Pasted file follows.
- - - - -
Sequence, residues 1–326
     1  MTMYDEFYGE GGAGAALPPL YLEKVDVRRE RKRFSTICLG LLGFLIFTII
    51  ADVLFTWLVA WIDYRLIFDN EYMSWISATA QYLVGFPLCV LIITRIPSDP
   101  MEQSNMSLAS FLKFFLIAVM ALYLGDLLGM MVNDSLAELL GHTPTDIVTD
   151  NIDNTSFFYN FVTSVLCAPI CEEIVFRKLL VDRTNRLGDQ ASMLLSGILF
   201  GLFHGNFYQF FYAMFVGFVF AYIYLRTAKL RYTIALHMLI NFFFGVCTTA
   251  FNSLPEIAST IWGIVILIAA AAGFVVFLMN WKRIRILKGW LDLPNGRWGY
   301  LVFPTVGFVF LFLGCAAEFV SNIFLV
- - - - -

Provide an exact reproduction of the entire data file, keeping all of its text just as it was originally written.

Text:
Sequence, residues 1–326
     1  MTMYDEFYGE GGAGAALPPL YLEKVDVRRE RKRFSTICLG LLGFLIFTII
    51  ADVLFTWLVA WIDYRLIFDN EYMSWISATA QYLVGFPLCV LIITRIPSDP
   101  MEQSNMSLAS FLKFFLIAVM ALYLGDLLGM MVNDSLAELL GHTPTDIVTD
   151  NIDNTSFFYN FVTSVLCAPI CEEIVFRKLL VDRTNRLGDQ ASMLLSGILF
   201  GLFHGNFYQF FYAMFVGFVF AYIYLRTAKL RYTIALHMLI NFFFGVCTTA
   251  FNSLPEIAST IWGIVILIAA AAGFVVFLMN WKRIRILKGW LDLPNGRWGY
   301  LVFPTVGFVF LFLGCAAEFV SNIFLV